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Terminology Related to Crimes (Part I)

20/09/16 Terminology Related to Crimes (Part I)

terminology related crimes

  1. arson: From Latin ardere, “to burn”. Intentionally damaging a building with fire or explosives.
  2. burglary: The crime of breaking into a house with intent to commit theft. Until some time ago this charge occurred only if the felon broke into the house at night.
  3. crime: from Latin crimen, “charge, indictment, offense.” An act punishable by law, as being forbidden by statute or injurious to the public welfare. Legally, a crime consists of two parts: actus rea, the criminal action, and mens rea, the criminal intention.
  4. domestic abuse: any act or threatened act against a person with whom an intimate relationship exists or existed, for example, spouse, boy/girlfriend, child.
  5. embezzlement: from Anglo-Fr. embesiler “to steal, cause to disappear.” A person who appropriates to personal use money entrusted for another purpose commits embezzlement.
  6. felony: as a term in common law from Old French felonie, “wickedness, evil, treachery, perfidy, crime, cruelty, sin.” Noun: felon; adjective: felonious.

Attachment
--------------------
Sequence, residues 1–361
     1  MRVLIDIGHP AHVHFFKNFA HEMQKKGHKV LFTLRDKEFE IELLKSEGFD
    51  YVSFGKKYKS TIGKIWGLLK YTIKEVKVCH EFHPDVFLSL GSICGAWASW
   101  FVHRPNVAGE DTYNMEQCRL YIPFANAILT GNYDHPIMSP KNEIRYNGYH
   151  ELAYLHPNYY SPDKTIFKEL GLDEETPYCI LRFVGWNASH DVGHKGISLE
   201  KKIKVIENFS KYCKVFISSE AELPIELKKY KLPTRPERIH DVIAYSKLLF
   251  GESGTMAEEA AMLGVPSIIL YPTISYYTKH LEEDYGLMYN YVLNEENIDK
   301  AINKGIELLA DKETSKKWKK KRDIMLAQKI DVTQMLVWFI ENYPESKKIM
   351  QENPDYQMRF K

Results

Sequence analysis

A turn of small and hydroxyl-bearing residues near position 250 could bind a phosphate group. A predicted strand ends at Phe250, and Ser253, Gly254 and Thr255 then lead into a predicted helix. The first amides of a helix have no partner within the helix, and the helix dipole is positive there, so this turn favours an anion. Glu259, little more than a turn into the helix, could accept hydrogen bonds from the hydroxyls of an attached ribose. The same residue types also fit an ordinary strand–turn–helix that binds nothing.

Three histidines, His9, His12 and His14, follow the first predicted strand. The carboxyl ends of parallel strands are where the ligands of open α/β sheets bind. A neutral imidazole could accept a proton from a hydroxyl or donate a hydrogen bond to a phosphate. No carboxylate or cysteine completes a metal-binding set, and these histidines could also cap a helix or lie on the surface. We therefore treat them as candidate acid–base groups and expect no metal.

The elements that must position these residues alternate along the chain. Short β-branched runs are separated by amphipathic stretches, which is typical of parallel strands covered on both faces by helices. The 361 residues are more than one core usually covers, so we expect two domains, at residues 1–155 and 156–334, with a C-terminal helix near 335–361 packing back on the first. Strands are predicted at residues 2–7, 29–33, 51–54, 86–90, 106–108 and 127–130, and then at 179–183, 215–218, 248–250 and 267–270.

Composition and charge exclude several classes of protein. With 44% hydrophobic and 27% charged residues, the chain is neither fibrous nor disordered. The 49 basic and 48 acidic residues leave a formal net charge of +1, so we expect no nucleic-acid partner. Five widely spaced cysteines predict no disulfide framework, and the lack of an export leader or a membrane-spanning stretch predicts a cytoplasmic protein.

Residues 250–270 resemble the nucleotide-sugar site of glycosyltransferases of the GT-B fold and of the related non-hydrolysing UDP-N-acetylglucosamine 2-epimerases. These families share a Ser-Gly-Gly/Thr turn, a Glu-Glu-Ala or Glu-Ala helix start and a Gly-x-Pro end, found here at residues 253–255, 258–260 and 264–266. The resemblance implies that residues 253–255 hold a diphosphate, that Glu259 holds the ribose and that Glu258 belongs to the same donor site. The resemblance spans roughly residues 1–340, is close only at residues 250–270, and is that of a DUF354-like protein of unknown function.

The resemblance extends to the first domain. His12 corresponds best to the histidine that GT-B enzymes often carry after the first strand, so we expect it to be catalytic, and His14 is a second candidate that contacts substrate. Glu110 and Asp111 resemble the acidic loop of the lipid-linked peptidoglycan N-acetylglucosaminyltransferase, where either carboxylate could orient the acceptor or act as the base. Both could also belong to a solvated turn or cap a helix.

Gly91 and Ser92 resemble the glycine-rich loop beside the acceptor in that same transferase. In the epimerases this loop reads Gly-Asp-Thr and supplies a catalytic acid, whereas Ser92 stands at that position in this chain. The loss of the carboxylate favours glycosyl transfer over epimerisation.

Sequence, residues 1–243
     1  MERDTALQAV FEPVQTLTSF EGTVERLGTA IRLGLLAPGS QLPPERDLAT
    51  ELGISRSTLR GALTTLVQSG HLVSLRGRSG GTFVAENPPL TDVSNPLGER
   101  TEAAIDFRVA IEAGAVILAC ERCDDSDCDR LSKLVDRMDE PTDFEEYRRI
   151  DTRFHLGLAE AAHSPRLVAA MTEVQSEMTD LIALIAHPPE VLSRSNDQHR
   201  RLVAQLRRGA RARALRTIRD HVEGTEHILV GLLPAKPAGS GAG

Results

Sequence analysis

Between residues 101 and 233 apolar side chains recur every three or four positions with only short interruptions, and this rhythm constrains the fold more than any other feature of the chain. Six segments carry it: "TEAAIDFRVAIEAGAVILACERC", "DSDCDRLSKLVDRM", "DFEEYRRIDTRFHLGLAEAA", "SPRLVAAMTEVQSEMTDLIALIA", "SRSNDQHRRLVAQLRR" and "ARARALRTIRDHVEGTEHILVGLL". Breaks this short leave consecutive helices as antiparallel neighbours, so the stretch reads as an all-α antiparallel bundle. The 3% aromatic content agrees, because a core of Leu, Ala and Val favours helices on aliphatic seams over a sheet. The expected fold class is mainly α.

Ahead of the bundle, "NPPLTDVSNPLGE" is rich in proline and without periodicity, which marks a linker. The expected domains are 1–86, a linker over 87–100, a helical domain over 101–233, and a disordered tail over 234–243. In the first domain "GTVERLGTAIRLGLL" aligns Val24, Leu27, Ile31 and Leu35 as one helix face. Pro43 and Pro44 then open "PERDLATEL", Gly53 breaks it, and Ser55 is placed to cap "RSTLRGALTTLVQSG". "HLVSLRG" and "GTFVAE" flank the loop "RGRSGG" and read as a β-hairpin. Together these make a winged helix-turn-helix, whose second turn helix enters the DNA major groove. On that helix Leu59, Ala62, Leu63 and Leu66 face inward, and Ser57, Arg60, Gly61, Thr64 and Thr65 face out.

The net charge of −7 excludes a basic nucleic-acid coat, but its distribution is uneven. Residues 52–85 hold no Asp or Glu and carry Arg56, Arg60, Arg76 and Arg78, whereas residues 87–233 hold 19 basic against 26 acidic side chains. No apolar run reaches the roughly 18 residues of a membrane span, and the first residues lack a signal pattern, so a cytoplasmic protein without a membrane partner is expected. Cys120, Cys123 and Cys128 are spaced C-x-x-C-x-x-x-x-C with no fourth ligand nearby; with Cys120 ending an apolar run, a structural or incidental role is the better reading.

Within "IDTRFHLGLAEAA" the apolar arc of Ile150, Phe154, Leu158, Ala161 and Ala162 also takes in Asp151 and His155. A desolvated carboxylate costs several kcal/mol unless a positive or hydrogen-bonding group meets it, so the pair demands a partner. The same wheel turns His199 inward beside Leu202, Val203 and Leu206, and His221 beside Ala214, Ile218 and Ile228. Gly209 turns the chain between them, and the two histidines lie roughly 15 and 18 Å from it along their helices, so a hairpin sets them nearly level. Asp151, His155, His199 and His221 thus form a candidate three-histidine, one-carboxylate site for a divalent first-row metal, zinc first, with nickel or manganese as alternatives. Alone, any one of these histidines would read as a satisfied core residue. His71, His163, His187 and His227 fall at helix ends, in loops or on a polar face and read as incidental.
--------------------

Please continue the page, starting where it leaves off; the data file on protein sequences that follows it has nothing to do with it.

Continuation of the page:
7. forgery: The creation of a false written document or alteration of a genuine one, with the intent to defraud.
  8. human trafficking: the crime of displacing people with a view to exploiting them.
  9. kidnapping: a compound of kid (slang for “child” and nap, a variant of nab, “to snatch away.” The word first referred to the practice of stealing children or others in order to provide servants and workers for the American colonies. In current usage, the crime of kidnapping is the abduction of a person of any age with the intention of holding the person for ransom or for some other purpose.
  10. larceny: from Latin latrocinium, “robbery.” The felonious taking and carrying away of the personal goods of another with intent to convert them to the taker’s use. The difference between grand larceny and petit larceny is one of the value (as defined by statute) of the stolen property.
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